Women who do not typically have greasy skin may find their complexion develops a shiny sheen during the day. If you’ve asked yourself, “Why is my skin shiny but not oily?” This article will give you all the information you need about why this issue develops and how to resolve it.

Most women aim for skin that has a radiant glow of good health, but there are several factors related to lifestyle, the environment, and your skin care regimen which could turn that glow into a shiny sheen. Read on to learn what causes shiny skin, how it differs from an oily complexion, and how to decrease the extra shimmer in your face.

What Causes Your Skin to be Shiny?

Have you ever wondered, “Why does my skin look shiny?”. Several aspects of your skincare routine could inadvertently cause shiny skin, such as overwashing and over-exfoliating. This could strip your skin of essential oils, causing the overproduction of sebum. 

Factors like the weather or UV rays can dry out the skin leading to the release of oil as the skin tries to compensate for the lack of hydration. Certain medications could cause oil production and shiny cheeks, and shifts in hormone levels may also have this effect.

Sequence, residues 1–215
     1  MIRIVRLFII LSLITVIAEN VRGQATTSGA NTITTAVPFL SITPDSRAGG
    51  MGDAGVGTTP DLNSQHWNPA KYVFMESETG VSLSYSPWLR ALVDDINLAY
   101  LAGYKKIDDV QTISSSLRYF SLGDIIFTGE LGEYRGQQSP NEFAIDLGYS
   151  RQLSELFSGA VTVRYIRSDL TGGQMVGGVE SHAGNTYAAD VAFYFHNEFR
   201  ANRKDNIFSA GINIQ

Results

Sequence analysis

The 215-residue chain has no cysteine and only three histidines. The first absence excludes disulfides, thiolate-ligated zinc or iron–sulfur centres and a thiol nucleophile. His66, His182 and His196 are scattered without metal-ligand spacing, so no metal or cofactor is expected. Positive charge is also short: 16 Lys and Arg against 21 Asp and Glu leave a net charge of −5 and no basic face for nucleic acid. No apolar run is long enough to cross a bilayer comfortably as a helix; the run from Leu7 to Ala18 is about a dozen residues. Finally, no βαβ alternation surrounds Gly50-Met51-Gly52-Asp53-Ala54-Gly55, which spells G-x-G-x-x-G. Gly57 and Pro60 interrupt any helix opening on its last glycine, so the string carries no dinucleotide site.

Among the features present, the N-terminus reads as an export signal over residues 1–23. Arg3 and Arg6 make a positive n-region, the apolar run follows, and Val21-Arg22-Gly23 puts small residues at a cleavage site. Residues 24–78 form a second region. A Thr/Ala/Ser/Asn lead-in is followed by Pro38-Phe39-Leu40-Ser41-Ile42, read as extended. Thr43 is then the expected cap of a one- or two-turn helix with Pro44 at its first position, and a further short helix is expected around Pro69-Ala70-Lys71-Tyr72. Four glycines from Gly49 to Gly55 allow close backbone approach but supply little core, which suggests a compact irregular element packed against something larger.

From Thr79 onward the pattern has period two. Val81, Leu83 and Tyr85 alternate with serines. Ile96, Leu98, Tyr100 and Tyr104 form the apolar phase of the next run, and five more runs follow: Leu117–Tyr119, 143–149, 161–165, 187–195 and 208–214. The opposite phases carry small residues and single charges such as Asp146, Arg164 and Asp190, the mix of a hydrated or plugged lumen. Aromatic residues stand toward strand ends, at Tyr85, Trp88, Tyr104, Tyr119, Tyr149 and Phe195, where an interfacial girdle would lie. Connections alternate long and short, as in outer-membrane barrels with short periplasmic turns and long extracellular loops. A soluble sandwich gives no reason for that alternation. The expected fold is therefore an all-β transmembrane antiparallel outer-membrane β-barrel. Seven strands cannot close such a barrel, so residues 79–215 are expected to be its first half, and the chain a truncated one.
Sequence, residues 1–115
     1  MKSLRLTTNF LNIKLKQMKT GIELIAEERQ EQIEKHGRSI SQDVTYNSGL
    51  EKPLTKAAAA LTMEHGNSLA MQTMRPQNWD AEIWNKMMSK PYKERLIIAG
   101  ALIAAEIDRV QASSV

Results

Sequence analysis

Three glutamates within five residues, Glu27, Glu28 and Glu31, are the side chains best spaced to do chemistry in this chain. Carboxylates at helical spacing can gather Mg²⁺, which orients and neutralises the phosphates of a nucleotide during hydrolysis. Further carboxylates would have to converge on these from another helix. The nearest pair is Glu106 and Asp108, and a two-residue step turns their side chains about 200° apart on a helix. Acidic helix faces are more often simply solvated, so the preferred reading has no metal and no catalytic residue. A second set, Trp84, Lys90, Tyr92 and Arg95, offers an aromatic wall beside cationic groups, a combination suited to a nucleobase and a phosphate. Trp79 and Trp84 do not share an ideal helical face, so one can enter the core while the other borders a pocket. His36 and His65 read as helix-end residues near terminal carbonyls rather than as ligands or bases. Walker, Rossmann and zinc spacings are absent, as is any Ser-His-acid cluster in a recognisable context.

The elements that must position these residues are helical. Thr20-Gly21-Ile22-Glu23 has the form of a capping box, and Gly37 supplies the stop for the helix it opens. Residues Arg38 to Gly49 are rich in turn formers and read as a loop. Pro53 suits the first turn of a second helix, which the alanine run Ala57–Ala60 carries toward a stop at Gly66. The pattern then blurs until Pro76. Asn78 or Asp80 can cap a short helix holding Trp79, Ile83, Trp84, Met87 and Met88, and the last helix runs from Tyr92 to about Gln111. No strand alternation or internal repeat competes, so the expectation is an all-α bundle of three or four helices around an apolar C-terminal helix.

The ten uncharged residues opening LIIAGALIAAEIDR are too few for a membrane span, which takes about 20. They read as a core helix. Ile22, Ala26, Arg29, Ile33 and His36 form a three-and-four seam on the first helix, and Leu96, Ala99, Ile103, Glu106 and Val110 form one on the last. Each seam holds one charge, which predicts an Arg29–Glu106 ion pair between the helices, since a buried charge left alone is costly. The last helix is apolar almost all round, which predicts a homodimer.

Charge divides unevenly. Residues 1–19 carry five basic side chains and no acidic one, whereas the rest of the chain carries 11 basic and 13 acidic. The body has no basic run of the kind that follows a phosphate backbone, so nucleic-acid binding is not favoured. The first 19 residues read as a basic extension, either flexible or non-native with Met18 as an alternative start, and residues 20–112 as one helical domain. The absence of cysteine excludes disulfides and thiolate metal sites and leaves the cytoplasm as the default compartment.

How Do You Know If You Have Oily Skin?

Women with an oily skin type, as opposed to a problem with shine, often experience extensive sebum production, which causes acne and breakouts. Oily skin appears first thing in the morning and lasts throughout the day, as opposed to occasional shine. 

Why Your Skin May Be Shiny But Not Oily

If your skin type is not oil but frequently ask yourself, “Why is my skin shiny?” In some cases, the extra shine may be caused by excess sweat, giving the skin an extra sheen. There’s also the possibility that your skin is dry due to insufficient water intake, overexposure to the sun, or medication, causing excess oil production at times.

In addition, there are lifestyle factors that can influence oil production, such as extra stress and anxiety. If your skin is shiny but not oily, it could also be due to hormone fluctuations during menopause, before your period, or from medications like birth control.

Ways To Look After Your Shiny Skin

If your face is shiny but not oily, you should know that there are many methods to reduce the problem. By making some simple adjustments to your lifestyle and skincare routine, you can have a healthy, glowing, shine-free complexion and keep it that way.

Don’t Over Exfoliate

Exfoliating is an important part of your skincare, as it eliminates dead skin cells, dirt, and oil from clogged pores to decrease the chance of breakouts. However, exfoliating is only effective if you do it 2-3 times a week and make sure not to over-scrub. 

Overdoing it can dry your skin and strip it of key oils, increasing sebum production. Exfoliate gently and in moderation to keep the shine at a minimum, using a powerful, non-irritating serum like Glowpeel to refresh and renew your complexion, promote cell turnover, boost collagen, and keep your skin glowing instead of shining.

Hydrate Your Skin More

When your skin becomes dry, the sebaceous glands may try to overcompensate by producing excess oil. One of the best ways to combat dryness is to hydrate twice daily with a rich moisturizer like Infusoderm, which refreshes and revitalizes your complexion and keeps it in the ideal balance.